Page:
The glass frog’s unusual adaptation to bolster its camouflage could offer clues for preventing deadly blood clots in people.
The extra magma doesn’t mean it’s more likely to erupt, scientists say. In fact, the better measurement helps them to understand its future.
Scientists have tested in animals a vaccine that may protect against 20 strains of influenza, helping to prevent another pandemic.
Nearly 23 million acres burned from 1982 to 2020. But almost half of that occurred in 2019 and 2020, and the region may be near a threshold beyond which extreme fires become more common.
Scientists thought the InSight spacecraft had recorded some major marsquakes, but with another NASA mission’s help, they found what had really shaken up the red planet.
Scientists say water vapor injected into the stratosphere by the volcanic eruption in January may have a slight, though temporary, warming effect.
As global warming passes certain limits, dire changes will probably become irreversible, the researchers said, including the loss of polar ice sheets and the death of coral reefs.
The harmful molecules are everywhere, but chemists have made progress in developing a method to break them down.
Researchers increased yield in soy plants by making them better at photosynthesis, the process that powers life. The findings hold promise for feeding a warming world.
Researchers found bacterial cells so large they are easily visible to the naked eye, challenging ideas about how large microbes can get.
Tortoises and turtles don’t just live for a long time — they barely age while they live.
The overall threat to the animals from climate change remains, but a new finding suggests that small numbers might survive for longer as the Arctic warms.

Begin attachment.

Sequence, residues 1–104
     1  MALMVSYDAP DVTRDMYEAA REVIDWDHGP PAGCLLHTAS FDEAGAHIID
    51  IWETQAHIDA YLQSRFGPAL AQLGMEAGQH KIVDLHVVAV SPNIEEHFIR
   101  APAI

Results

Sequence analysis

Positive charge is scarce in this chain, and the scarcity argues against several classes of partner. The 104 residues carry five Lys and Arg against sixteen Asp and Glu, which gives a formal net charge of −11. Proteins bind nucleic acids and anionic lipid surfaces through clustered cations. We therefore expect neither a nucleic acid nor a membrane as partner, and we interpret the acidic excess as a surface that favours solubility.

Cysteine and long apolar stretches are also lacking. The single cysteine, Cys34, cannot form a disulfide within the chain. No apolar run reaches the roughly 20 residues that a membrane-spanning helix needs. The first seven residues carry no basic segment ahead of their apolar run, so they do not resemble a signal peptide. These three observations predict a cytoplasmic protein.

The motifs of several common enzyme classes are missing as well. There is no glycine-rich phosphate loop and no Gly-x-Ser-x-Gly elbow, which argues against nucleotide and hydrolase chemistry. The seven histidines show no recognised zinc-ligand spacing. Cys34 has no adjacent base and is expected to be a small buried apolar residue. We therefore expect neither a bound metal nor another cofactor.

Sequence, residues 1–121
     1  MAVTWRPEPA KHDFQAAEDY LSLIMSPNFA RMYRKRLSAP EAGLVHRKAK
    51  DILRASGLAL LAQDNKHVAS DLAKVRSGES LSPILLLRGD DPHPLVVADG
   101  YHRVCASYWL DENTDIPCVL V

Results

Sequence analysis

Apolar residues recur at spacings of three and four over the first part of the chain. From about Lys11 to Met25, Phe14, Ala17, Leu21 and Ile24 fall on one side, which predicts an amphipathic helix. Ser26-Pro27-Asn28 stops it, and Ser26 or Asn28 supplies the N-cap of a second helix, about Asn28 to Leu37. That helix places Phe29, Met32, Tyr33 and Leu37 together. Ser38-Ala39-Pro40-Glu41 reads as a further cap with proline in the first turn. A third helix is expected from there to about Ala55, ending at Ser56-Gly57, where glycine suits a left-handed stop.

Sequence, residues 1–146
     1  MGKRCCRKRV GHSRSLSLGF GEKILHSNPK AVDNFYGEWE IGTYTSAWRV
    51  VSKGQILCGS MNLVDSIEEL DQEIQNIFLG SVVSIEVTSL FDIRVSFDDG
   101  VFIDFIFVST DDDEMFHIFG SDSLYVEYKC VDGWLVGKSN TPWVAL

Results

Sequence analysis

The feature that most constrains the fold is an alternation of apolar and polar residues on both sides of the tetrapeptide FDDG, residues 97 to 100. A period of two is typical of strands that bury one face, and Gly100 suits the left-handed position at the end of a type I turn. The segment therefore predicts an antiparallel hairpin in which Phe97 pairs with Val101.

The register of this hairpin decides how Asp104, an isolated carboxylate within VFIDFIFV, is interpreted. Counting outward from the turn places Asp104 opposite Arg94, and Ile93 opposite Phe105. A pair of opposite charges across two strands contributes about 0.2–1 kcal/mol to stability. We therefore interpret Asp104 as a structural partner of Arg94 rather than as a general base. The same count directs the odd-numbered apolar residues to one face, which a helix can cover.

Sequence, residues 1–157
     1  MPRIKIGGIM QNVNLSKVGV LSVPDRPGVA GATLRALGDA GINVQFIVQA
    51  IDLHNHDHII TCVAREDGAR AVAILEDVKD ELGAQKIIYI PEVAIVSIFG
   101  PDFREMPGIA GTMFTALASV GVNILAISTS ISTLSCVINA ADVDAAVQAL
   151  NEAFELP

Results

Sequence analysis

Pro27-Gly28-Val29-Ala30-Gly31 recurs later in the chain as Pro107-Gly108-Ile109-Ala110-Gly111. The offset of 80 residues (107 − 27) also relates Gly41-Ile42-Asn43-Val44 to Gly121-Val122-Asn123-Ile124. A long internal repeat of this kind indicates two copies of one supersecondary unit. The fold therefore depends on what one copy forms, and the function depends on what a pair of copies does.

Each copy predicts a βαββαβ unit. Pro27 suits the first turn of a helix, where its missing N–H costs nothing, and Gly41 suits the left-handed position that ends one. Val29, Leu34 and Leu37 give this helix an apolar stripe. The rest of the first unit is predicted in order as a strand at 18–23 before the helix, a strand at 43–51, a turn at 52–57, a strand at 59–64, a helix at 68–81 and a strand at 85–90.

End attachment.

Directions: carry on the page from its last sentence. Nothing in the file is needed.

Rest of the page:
The flecks of rock were brought back to Earth by the Japanese space mission Hayabusa2 in December 2020.
Evolutionary theories said giraffes developed their height to get to better eats, but ancestors may have gained the advantage through head-butting battles.
A new study finds that if fossil fuel emissions continue apace, the oceans could experience a mass extinction by 2300. There is still time to avoid it.
Retrievers that don’t retrieve and Papillons that point are all possible because the genes that shape dog behavior predate modern breeding that focuses on appearance, researchers find.
When conventional seismometers in Haiti failed before the 2010 quake, less sophisticated devices operated by citizen scientists helped seismic researchers fill in the blanks.
In a study of members of the Armed Forces, people who developed multiple sclerosis first had Epstein-Barr virus.
Scientists have described a giant new species of ichthyosaur that evolved its 55-foot-long body size only a few million years after the lizards returned to the seas.
Scientists identified the genes that played a role in many female elephants of Mozambique’s Gorongosa National Park being born without tusks.
A habit that appeared damaging at first glance seems to make oceanic ecosystems more resilient, scientists found.
Human footprints found in New Mexico are about 23,000 years old, a study reported, suggesting that people may have arrived long before the Ice Age’s glaciers melted.
How could that change our understanding about, for starters, chronic disease, aging and obesity?
Scientists are developing devices and clothing that make running and walking easier and more enjoyable.